Travel trailblazer: How Dr. Gladys West pioneered the modern-day GPS

Feb 27, 2021

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Every time you pull up a map on your smartphone or in the car to navigate getting from point A to point B, you have Dr. Gladys West to thank.

West is a “Hidden Figure” (a reference to the Black women mathematicians, such as the late Katherine Johnson, who did computing for the U.S. military in the 1950s and 1960s, written about in Margot Lee Shetterly’s 2016 book and portrayed in the subsequent movie) who played a major role in inventing GPS technology. West was only recognized for her role in its invention in 2018 when she was inducted into the Air Force Space and Missile Pioneers Hall of Fame after a sorority sister discovered and shared her accomplishments.

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Dr. Gladys West. (Photo by Adrian Cadiz/U.S. Air Force/Public domain/Wikimedia Commons)

Born in 1930 in the very rural Dinwiddie County, Virginia, West’s family owned a small farm. They all worked on the farm, but West had other ideas for herself, too.

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“I told myself that I did not like being out in the sun, working from sunrise to sunset and all that. So I made good grades in all my subjects,” West said in a 2018 video interview with the U.S. Navy. The top two students from her high school were given a scholarship to the local college, Virginia State College, and West made sure she got one of them.

“In school, we were separated from the white school, and we had separate buses. And many times we would get the old hand-me-down things from the white school, books that weren’t new like their books were,” says West. “But all of that helped to make us work harder, because you were behind the eight ball to start with, so you had to work harder.”

At the historically Black university, West majored in mathematics. She taught for a few years and returned to Virginia State College to get her master’s degree in the subject. After she graduated, she was hired in 1956 by the Naval Surface Warfare Center Dahlgren Division in Dahlgren, Virginia. She was the second Black woman to be hired and one of four Black employees at the time.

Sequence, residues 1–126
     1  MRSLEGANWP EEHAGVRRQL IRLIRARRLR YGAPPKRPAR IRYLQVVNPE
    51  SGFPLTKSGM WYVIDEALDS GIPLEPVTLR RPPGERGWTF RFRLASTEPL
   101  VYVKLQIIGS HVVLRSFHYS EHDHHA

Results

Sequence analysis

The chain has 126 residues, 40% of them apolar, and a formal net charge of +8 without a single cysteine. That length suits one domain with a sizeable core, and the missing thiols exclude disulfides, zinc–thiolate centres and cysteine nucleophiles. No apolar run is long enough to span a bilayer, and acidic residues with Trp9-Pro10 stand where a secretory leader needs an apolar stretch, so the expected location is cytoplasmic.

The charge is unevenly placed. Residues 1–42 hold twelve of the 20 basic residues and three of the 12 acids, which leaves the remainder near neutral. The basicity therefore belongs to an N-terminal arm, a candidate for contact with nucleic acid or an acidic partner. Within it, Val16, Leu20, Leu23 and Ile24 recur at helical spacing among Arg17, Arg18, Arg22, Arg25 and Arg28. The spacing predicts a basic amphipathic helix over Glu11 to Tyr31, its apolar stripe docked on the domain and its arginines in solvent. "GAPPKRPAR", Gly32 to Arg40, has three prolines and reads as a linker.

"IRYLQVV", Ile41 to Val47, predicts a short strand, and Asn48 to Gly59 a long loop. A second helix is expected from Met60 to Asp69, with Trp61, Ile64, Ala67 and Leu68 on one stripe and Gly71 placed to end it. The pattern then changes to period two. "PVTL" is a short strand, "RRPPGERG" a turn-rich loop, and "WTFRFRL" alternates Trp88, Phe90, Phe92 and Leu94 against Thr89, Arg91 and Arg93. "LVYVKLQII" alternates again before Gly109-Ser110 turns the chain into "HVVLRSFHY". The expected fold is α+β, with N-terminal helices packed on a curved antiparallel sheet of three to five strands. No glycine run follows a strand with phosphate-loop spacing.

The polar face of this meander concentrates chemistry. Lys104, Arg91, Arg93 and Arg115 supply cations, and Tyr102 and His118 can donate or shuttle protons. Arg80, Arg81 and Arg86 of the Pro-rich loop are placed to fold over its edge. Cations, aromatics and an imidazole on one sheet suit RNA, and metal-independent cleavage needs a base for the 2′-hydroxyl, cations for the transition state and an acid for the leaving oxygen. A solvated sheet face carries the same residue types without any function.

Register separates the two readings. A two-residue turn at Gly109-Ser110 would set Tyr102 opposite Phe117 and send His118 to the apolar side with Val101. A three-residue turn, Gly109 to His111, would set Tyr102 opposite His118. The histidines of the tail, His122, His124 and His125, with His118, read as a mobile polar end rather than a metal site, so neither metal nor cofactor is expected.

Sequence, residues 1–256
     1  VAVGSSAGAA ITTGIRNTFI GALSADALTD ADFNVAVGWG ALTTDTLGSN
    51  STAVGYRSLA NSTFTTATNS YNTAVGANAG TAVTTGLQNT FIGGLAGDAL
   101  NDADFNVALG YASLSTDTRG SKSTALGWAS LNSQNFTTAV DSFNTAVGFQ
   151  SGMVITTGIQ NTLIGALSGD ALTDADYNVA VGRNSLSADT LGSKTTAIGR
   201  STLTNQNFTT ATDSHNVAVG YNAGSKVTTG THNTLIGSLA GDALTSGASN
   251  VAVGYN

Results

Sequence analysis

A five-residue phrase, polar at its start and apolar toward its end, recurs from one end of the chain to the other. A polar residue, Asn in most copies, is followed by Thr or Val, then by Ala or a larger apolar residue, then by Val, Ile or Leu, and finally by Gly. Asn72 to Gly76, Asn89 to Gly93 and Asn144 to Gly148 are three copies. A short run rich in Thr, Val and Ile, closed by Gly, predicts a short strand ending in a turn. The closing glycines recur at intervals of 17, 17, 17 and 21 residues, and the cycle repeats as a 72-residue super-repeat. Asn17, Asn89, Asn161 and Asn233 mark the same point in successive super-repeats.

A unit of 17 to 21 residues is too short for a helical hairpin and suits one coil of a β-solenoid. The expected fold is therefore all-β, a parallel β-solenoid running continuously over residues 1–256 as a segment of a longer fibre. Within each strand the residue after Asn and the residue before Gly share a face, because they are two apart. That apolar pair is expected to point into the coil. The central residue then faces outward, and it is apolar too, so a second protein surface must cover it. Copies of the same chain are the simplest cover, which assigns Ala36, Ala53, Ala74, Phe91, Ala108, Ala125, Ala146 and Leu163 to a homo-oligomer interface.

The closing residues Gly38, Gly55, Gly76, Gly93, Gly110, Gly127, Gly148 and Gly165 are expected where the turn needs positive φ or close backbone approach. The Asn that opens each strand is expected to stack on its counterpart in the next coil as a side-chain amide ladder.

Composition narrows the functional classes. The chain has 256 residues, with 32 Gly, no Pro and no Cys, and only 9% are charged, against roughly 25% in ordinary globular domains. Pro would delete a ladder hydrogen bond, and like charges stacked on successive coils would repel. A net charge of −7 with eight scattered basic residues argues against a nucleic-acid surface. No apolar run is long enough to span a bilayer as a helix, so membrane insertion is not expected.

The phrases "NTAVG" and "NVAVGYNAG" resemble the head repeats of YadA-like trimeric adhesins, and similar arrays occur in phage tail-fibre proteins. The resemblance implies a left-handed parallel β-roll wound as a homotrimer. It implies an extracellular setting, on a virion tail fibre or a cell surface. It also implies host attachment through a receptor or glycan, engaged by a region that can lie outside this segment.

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Her hiring happened to coincide with the naval base bringing in a brand-new (and very large) computer.

“They hired these mathematicians to learn to work this computer but we hadn’t had any computer teaching or knowledge so we had to master this job that they wanted us to do and we had to learn how to program and code for this big computer,” says West in the video. Soon, she began working on developing radio-frequency identification. She processed data gathered from satellites to accurately measure surface elevations on Earth and determine specific locations.

“A lot goes into the scientific computation to generate an RFID, which is the database used in GPS. So the different people who did civilian applications learned to use the database that we generated, and that was the foundation that GPS was built on,” says West.

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West met her husband, Ira West, when she started working at Dahlgren. He was one of her two Black male colleagues. The two have been married for more than 60 years and have three children and seven grandchildren.

After working at the base for more than 40 years, West retired in 1998. But that didn’t stop her from continuing to learn. She earned her Ph.D. in public administration and policy affairs from Virginia Tech, after suffering a stroke. She still lives in Virginia.

“I always was motivated by doing something new and completing something, having a go, because usually, I had a mind of my own. I tend to think for myself, I’m a little impatient with others who don’t think the way I do,” says West in the video.

According to an Air Force Space Command press release from 2018, when she received one of the Air Force space program’s highest distinctions and was inducted into the Air Force Space and Missile Pioneers Hall of Fame, West was described as having “participated in a path-breaking, award-winning astronomical study” in reference to her work proving the “regularity of Pluto’s motion relative to Neptune.” This led to West programming an IBM 7030 “Stretch” computer to “deliver increasingly refined calculations for an extremely accurate geodetic Earth model, a geoid, optimized for what ultimately became the Global Positioning System (GPS) orbit.”

In 1979, she became the project manager for the Seasat project — Seasat was the first satellite to orbit the Earth that remotely sensed and monitored the oceans.

Simply put, the GPS we use today to navigate everywhere from the supermarket to across the country wouldn’t exist without West’s groundbreaking work.

Related: TPG honors Katherine Johnson, the woman who helped propel Americans to space

Featured photo by Dean Mitchell/Getty Images.

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